By Joel Achenbach

    February 28, 2015

    It was near Green Bank, W.Va., in 1960 that a young radio astronomer named Frank Drake conducted the first extensive search for alien civilizations in deep space. He aimed the 85-foot dish of a radio telescope at two nearby, sun-like stars, tuning to a frequency he thought an alien civilization might use for interstellar communication.

    But the stars had nothing to say.

    So began SETI, the Search for Extraterrestrial Intelligence, a form of astronomical inquiry that has captured the imaginations of people around the planet but has so far failed to detect a single “hello.” Pick your explanation: They’re not there; they’re too far away; they’re insular and aloof; they’re zoned out on computer games; they’re watching us in mild bemusement and wondering when we’ll grow up.

    Now some SETI researchers are pushing a more aggressive agenda: Instead of just listening, we would transmit messages, targeting newly discovered planets orbiting distant stars. Through “active SETI,” we’d boldly announce our presence and try to get the conversation started.

    Naturally, this is controversial, because of . . . well, the Klingons. The bad aliens.

    “ETI’s reaction to a message from Earth cannot presently be known,” states a petition signed by 28 scientists, researchers and thought leaders, among them SpaceX founder Elon Musk. “We know nothing of ETI’s intentions and capabilities, and it is impossible to predict whether ETI will be benign or hostile.”

    The petition here:


    Full article here:


    Love this photo of Dr. Drake looking at a stained-glass window of the Arecibo Message. Where is this, in his house?


  • ljk March 20, 2015, 12:46

    Search for extraterrestrial intelligence extends to new realms

    Mar 20, 2015

    New instrument will scan the sky for pulses of infrared light

    Astronomers have expanded the search for extraterrestrial intelligence into a new realm with detectors tuned to infrared light. Their new instrument has just begun to scour the sky for messages from other worlds.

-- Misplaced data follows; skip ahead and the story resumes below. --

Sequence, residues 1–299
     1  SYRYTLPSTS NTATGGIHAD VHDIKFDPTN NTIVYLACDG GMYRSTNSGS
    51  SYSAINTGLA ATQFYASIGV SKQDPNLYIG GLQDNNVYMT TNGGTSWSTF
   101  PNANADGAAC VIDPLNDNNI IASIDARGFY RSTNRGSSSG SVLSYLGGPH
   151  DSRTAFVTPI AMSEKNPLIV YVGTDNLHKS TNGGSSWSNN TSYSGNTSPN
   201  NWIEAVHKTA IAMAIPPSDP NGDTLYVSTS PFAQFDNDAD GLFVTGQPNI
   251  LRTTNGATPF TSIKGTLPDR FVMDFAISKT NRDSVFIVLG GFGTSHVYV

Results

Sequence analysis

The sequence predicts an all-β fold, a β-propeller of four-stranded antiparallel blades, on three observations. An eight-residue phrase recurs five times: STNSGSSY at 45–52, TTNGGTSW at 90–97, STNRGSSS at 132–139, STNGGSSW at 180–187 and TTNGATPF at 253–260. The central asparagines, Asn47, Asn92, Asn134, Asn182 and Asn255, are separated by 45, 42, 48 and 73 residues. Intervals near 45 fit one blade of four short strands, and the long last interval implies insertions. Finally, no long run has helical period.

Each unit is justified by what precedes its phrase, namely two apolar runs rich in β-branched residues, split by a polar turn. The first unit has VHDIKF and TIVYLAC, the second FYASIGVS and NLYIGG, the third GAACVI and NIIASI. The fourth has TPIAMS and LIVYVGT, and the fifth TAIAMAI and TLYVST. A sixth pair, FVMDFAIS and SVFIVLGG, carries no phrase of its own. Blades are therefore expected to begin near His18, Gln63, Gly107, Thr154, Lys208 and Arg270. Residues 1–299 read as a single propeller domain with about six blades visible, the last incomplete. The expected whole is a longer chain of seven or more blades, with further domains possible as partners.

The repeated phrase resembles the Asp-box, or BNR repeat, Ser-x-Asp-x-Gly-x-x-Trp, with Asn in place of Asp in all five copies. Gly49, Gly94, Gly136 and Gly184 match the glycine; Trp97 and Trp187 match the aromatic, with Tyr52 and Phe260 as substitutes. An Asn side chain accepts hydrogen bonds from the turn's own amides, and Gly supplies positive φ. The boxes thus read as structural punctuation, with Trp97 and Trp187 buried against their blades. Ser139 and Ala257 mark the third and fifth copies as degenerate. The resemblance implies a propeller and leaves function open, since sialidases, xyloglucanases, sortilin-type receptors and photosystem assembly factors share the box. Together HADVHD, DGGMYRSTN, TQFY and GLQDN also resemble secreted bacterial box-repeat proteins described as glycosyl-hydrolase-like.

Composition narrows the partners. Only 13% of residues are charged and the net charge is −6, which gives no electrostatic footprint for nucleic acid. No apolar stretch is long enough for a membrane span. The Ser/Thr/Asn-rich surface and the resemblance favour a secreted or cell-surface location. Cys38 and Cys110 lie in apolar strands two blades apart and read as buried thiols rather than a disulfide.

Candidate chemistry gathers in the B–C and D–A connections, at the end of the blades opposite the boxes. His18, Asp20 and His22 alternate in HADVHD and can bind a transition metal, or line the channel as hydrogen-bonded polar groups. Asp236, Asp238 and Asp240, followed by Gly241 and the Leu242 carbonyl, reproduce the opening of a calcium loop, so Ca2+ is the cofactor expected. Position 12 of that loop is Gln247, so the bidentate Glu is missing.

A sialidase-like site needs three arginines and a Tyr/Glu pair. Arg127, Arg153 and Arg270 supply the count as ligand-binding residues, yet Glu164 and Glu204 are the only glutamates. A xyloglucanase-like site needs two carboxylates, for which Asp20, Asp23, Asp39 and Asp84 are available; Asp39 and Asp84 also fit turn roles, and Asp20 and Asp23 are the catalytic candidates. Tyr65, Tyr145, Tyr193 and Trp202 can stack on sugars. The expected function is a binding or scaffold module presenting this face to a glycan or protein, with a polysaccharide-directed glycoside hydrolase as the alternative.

The NIROSETI team with their new infrared detector inside the dome at Lick Observatory. Left to right: Remington Stone, Dan Wertheimer, Jérome Maire, Shelley Wright, Patrick Dorval and Richard Treffers. Photos by © Laurie Hatch

    “Infrared light would be an excellent means of interstellar communication,” said Shelley Wright, an Assistant Professor of Physics at the University of California, San Diego who led the development of the new instrument while at the University of Toronto’s Dunlap Institute for Astronomy & Astrophysics.

    Pulses from a powerful infrared laser could outshine a star, if only for a billionth of a second. Interstellar gas and dust is almost transparent to near infrared, so these signals can be seen from greater distances. It also takes less energy to send the same amount of information using infrared signals than it would with visible light.

    The idea dates back decades, Wright pointed out. Charles Townes, the late UC Berkeley scientist whose contributions to the development of lasers led to a Nobel Prize, suggested the idea in a paper published in 1961.

    Full article here:


    To quote:

    The group also includes SETI pioneer Frank Drake of the SETI Institute and UC Santa Cruz who serves as a senior advisor to both past and future projects and is an active observer at the telescope.

    Drake pointed out several additional advantages to a search in this new realm. “The signals are so strong that we only need a small telescope to receive them. Smaller telescopes can offer more observational time, and that is good because we need to search many stars for a chance of success.” he said. The receivers are also much more affordable that those used on radio telescopes.

    “There is only one downside: the extraterrestrials would need to be transmitting their signals in our direction,” Drake said, though he sees a positive side to that limitation. “If we get a signal from someone who’s aiming for us, it could mean there’s altruism in the universe. I like that idea. If they want to be friendly, that’s who we will find.”

  • ljk May 8, 2015, 10:14

    SETI: Real vs Reel

    Lunar and Planetary Institute

    Published on Feb 26, 2015

    Astronomer Dr. Jill Tarter of the SETI Institute discusses the accuracies and inaccuracies of the search for extraterrestrial intelligence as portrayed in the 1997 movie “Contact.” Tarter uses specific clips from the movie to illustrate her points.

    This presentation was part of the Lunar and Planetary Institute’s 2014–2015 Cosmic Exploration Speaker Series — “Science” on the Silver Screen.

    NOTE: Due to copyright law, the movie clips do not appear in this recording. Instead, they have been replaced with a screen showing the beginning and end time of each clip that is discussed. cription